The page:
The major challenges faced in the use of AI in autonomous vehicles are either due to the autonomous diving task itself or the deep learning shortcomings. A large amount of data is still needed to train a deep learning model, and model overfitting and the sensitivity to picture alterations are still challenging.

Sensor fusion is a requisite for perception and localization, especially in bad weather conditions, but the modeling of each sensor’s characteristics (capacity and limitation) for these corner cases is not well defined.

Additionally, more data is required to train the vehicle or pedestrian trajectory prediction models, and there is currently a shortage of behavior and intention modeling for both short-term and long-term forecasts. Current models also need more cues from perception, such as a person's gaze and posture, a driver's attitude and hand gesture, and a car's turn signal.

In the future, deep learning applications, especially for real-time deployment in congested and highly dynamic traffic settings, need more maturity in behavior planning and motion planning, as characterizing driving scenarios and replicating driving behaviors from examples are still challenging.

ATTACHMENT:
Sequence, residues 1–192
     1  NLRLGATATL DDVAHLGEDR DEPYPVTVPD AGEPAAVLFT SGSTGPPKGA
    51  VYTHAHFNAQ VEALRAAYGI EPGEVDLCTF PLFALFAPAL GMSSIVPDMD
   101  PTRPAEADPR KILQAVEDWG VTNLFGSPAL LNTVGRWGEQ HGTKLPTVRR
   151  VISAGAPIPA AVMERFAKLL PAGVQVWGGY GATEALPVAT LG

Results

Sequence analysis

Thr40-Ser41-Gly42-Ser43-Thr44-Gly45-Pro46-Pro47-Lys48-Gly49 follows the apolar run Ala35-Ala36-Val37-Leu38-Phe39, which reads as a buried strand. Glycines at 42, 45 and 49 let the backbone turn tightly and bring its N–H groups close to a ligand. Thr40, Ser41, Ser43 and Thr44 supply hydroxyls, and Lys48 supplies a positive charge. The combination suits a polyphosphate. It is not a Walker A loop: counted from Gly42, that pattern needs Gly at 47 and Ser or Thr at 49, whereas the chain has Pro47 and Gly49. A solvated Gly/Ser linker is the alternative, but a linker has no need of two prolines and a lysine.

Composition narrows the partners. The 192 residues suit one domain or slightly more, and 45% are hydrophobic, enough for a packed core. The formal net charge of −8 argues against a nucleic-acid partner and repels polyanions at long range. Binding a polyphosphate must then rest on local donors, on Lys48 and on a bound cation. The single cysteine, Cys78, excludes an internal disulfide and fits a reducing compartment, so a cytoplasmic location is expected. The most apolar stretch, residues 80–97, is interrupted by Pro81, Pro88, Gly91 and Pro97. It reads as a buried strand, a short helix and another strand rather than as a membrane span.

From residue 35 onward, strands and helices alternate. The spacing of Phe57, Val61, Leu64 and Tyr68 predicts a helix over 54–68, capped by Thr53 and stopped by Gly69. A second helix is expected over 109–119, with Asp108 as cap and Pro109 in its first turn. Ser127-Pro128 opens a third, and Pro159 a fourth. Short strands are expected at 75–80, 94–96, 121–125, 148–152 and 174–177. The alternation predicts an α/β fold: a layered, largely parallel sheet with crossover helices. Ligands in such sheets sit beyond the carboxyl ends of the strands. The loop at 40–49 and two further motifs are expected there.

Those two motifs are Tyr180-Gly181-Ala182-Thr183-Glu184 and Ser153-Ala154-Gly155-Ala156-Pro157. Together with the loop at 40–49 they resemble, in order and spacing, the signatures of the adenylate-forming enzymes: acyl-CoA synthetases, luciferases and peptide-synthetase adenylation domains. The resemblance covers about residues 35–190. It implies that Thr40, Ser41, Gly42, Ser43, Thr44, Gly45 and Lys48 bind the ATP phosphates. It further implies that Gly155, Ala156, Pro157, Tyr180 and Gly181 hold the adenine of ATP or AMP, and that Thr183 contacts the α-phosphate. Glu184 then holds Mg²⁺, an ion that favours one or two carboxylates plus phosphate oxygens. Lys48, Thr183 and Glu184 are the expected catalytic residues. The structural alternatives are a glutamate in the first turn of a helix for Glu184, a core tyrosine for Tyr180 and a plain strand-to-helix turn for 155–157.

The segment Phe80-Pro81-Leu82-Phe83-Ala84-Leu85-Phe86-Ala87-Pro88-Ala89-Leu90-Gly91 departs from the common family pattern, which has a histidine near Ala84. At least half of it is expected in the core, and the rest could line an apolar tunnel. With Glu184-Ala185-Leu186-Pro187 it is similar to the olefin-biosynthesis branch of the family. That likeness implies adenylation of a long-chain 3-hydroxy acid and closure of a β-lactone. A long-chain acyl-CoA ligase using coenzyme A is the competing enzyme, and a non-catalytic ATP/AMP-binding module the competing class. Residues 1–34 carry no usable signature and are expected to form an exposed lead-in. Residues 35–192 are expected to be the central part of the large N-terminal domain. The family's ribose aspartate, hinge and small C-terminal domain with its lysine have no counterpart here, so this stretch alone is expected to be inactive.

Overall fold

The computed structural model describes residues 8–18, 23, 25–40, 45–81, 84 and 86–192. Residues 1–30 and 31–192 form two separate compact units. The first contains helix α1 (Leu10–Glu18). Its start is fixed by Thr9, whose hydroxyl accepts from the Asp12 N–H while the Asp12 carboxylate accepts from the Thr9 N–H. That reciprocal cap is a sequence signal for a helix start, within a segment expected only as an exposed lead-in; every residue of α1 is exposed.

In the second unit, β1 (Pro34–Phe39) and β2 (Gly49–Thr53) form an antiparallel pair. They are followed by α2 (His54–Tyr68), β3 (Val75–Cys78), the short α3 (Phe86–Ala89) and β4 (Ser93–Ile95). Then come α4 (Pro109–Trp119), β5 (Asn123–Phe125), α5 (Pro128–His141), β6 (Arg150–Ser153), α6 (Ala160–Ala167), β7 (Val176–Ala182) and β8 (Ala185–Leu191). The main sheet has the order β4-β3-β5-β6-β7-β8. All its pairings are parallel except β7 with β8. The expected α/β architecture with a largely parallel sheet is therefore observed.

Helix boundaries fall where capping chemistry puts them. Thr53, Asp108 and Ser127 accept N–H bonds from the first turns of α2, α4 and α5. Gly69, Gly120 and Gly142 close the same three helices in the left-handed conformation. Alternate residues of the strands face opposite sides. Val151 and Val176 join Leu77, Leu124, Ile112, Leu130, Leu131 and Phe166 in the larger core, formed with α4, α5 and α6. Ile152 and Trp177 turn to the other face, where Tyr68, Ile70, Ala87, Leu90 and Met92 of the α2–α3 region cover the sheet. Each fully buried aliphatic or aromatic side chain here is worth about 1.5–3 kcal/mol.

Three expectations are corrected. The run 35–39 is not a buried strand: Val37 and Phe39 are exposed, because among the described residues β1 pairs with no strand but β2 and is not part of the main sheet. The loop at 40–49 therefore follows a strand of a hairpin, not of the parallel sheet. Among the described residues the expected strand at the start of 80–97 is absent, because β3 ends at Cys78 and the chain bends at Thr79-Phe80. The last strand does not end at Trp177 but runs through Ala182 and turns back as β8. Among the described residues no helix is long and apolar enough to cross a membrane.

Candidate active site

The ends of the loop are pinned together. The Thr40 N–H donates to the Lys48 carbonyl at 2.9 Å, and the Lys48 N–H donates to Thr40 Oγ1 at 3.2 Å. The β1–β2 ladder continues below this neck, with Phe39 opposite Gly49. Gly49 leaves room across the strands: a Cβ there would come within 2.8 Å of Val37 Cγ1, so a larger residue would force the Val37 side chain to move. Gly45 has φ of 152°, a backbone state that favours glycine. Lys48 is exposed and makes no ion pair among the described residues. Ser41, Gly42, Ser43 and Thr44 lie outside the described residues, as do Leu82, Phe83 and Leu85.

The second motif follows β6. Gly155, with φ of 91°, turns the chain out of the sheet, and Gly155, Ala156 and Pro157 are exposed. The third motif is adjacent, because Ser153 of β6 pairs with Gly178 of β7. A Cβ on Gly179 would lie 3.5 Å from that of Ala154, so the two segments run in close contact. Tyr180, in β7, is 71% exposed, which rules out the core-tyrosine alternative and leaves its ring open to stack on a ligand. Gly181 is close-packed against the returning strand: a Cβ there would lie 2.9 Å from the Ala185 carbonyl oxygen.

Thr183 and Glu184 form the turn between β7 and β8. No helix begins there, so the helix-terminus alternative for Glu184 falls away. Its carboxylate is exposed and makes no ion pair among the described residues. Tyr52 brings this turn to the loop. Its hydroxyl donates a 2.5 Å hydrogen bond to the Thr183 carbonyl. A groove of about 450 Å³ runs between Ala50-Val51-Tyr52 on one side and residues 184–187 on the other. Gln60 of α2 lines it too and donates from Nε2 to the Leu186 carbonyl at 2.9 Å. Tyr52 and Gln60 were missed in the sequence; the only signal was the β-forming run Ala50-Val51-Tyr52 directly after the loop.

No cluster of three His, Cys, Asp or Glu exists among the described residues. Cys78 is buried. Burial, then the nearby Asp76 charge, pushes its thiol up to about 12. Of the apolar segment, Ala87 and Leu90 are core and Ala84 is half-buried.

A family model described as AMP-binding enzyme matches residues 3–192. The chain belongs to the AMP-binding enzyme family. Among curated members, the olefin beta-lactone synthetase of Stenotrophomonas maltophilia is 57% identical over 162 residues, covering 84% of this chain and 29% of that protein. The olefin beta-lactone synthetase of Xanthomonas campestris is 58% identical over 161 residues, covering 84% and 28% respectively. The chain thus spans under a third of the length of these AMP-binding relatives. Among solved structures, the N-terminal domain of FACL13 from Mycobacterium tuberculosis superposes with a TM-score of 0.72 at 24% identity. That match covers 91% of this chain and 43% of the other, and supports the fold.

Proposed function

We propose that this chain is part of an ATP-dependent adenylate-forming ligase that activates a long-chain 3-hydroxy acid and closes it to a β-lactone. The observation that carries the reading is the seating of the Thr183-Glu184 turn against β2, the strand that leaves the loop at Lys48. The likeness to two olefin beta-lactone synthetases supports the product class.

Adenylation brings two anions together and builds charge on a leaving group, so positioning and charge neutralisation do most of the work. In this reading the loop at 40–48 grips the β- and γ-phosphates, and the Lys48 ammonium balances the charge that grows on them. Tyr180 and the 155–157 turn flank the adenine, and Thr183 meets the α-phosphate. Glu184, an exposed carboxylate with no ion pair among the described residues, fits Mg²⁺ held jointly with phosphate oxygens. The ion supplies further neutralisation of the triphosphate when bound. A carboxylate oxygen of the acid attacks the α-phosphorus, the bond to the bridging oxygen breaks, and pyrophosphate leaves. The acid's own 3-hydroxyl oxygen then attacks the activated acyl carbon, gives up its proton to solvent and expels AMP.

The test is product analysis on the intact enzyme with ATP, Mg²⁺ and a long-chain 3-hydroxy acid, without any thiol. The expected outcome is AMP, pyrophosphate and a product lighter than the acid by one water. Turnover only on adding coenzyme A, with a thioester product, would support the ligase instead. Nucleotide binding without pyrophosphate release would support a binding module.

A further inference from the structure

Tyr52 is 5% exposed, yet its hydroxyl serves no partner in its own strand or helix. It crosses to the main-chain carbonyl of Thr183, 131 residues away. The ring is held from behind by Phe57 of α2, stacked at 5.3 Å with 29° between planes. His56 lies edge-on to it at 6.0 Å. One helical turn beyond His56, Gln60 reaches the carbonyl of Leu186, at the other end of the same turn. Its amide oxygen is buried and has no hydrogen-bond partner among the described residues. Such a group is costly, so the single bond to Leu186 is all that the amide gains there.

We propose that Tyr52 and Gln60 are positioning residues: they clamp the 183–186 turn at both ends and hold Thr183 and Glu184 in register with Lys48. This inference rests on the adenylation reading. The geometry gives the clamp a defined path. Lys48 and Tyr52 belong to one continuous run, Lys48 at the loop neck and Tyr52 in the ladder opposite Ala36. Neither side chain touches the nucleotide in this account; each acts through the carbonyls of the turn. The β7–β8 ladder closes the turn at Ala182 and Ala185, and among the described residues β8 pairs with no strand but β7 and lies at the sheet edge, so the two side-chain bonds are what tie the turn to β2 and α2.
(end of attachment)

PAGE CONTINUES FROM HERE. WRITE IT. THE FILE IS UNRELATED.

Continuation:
References

Y. Ma, Z. Wang, H. Yang and L. Yang, "Artificial intelligence applications in the development of autonomous vehicles: a survey," in IEEE/CAA Journal of Automatica Sinica, 7, 2, 315-329, 2020, doi: 10.1109/JAS.2020.1003021.

Yu Huang, Yue Chen “Autonomous Driving with Deep Learning: A Survey of State-of-Art Technologies” arXiv:2006.06091v3

Li-Hua Wen, Kang-Hyun Jo, ”Deep learning-based perception systems for autonomous driving: A comprehensive survey,” Neurocomputing, 489, 2022, 255-270, ISSN 0925-2312, https://doi.org/10.1016/j.neucom.2021.08.155.

Last Updated: Jul 25, 2023

Susha Cheriyedath

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Susha Cheriyedath

Susha is a scientific communication professional holding a Master's degree in Biochemistry, with expertise in Microbiology, Physiology, Biotechnology, and Nutrition. After a two-year tenure as a lecturer from 2000 to 2002, where she mentored undergraduates studying Biochemistry, she transitioned into editorial roles within scientific publishing. She has accumulated nearly two decades of experience in medical communication, assuming diverse roles in research, writing, editing, and editorial management.